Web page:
SYRACUSE (WSYR-TV) - With .2" of an inch of snowfall Saturday Syracuse reached 13 straight days with measurable snowfall. Every day in February has had at least .1" of snow plus there was measurable snow the last two days of January. During that stretch 26.3" of snow has fallen bringing the seasonal snow total to 105.4"That makes it the 9th longest stretch in Syracuse history. The longest is 18 days at the very end of December 1998 through the middle of January 1999.
SYRACUSE (WSYR-TV) - Earlier this week Syracuse passed the 100” seasonal snowfall, about two and a half weeks ahead of schedule. However, for folks over the Tug Hill, 100” is nothing. Our weather watcher in northern Redfield, Carol Yerdon, received over a foot of lake effect snow Thursday night, bringing her seasonal total to 307.” That’s more than 25 feet! Carol is no stranger to staggering amounts of snow. Her yearly average is 288” and last year she reached 300” on February 12th.
SYRACUSE (WSYR-TV) - The lake effect snow that started Thursday continues into Saturday afternoon over parts of central New York. The snow has been falling for more than 50 hours straight in Syracuse and as of late morning Saturday the snow total at the airport was up to 18"Another 1-3 inches of snow will fall the rest of the afternoon and evening in the lake snow with some isolated higher totals. After midnight tonight, the lake effect will finally come to an end.
Here is what you need to know about today's 74 F in Syracuse:
-Breaks record for February 21st (65 F in 1997)
-Breaks all-time February record (71 F Feb 24 2017)
-Breaks all-time Winter (Dec-Feb) record (72 F Dec 6 2001)
-Same as normal SYR high June 1st
Muck Rack makes it simple to find people, tweets, or articles that mention any name, keyword, company, hashtag etc. We've compiled this guide to help you make the most of your search.
Selecting a term
Start searching tweets, articles from media outlets, articles mentioned in tweets, journalists'
names, titles and bios with some suggested searches:
Companies or Topics (e.g. iPhone, Microsoft)
Phrases (e.g. "cloud computing") — use quotes to keep the terms together
Twitter handles (e.g. @username) — returns those who have mentioned or replied to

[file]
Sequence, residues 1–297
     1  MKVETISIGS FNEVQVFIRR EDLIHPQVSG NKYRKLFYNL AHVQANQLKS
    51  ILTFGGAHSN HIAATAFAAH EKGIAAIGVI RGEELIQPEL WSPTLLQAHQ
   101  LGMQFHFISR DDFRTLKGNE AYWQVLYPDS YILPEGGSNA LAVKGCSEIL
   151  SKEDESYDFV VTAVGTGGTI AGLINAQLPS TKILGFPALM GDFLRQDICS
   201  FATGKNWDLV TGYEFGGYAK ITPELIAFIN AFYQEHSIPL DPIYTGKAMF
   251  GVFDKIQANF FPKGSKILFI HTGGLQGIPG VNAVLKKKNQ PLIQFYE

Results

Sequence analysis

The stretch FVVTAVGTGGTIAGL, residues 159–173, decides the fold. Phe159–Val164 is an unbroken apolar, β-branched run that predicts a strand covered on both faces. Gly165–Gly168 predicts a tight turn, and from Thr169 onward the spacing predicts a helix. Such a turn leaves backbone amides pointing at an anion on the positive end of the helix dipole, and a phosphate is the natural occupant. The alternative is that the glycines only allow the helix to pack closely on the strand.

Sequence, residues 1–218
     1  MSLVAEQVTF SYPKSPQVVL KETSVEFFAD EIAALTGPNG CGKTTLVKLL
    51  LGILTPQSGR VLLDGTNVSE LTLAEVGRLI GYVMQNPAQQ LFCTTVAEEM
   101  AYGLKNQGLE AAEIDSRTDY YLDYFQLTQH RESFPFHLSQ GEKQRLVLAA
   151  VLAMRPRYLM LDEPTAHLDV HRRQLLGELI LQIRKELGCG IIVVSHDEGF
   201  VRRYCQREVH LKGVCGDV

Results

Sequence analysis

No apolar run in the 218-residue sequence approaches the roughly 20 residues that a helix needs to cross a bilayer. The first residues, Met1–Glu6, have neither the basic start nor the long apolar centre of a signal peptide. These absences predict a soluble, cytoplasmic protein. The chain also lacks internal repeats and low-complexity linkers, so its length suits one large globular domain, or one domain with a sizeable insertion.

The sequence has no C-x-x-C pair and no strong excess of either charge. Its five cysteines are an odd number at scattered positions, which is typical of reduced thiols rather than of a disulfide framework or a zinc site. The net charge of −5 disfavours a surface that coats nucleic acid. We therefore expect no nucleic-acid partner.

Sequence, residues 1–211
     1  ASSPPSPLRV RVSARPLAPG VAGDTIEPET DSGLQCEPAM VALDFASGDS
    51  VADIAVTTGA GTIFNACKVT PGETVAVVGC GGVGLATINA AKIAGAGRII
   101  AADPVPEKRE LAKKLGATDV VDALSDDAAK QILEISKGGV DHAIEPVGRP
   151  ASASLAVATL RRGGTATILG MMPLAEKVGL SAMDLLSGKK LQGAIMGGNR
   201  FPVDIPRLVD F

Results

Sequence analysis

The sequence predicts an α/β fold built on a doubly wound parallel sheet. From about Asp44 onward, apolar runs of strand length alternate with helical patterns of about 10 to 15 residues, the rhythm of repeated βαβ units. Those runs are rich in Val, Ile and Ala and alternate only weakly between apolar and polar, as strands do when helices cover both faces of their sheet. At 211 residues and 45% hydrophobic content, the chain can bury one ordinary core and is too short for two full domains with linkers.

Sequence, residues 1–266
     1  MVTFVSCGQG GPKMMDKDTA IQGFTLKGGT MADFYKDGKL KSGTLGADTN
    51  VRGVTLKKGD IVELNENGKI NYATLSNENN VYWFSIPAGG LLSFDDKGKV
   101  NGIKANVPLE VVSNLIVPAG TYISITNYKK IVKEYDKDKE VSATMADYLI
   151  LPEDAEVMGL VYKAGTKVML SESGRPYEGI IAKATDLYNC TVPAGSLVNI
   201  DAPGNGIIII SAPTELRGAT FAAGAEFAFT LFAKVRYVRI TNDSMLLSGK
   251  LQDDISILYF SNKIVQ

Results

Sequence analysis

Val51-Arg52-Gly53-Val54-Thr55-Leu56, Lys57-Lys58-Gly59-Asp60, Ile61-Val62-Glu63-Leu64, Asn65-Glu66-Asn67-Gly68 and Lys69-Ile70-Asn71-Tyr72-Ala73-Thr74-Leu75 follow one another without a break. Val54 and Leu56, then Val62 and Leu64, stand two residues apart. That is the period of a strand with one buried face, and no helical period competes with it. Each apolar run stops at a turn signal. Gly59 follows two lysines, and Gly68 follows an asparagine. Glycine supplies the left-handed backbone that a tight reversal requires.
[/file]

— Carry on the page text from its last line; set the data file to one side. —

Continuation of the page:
Names (e.g. "David Pogue")
Hashtags (e.g. #sxsw, #london2012)
Bio details (e.g. vegan, Olympics, father)
Muck Rack's Advanced Search allows for many boolean operators.
Find results that mention multiple specified terms, use AND or
+. For example, ensure each result contains both Elon Musk and Mark Zuckerberg by
searching Musk AND Zuckerberg or Musk + Zuckerberg.
Use the operators OR or , to broaden your search when you'd like either of
multiple terms to appear in results. (This is the default behavior of our search when no operators
are used). For example, results will contain either cake or cookie by searching cake OR cookie or cake,cookie
Use NOT or - to subtract results from your search. For
example, searching Disney will yield results about the Walt Disney Company as well as Walt Disney
World Resort. To exclude mentions of Disney World, search for Disney -World or Disney
When using one of these operators with a phrase, enclose it in quotation marks. For example, you can
find results about smartphones excluding Apple's iPhone 4S by searching smartphone -"iPhone
Exact case matching or punctuation
If you're searching for a brand name or keyword that relies on specific punctuation marks or capitalization, you can
find results that match your exact query by adding matchcase: before the keyword you're searching for, like matchcase:E*TRADE .
Use parentheses to separate multiple
boolean phrases. For example, to find journalists talking about having fun in Disney World or
Disneyland, search for ("disney world" OR disneyland) AND fun.
An asterisk can be used to search for any variation of a root word truncated by the asterisk. For example, searching for admin* will return results for administrator, administration, administer, administered, etc.
A near operator is an AND operator where you can control the distance between the words. You can vary the distance the near operation uses by adding a forward slash and number (between 0-99) such as strawberries NEAR/10 "whipped cream", which means the strawberries must exist within 10 words of "whipped cream".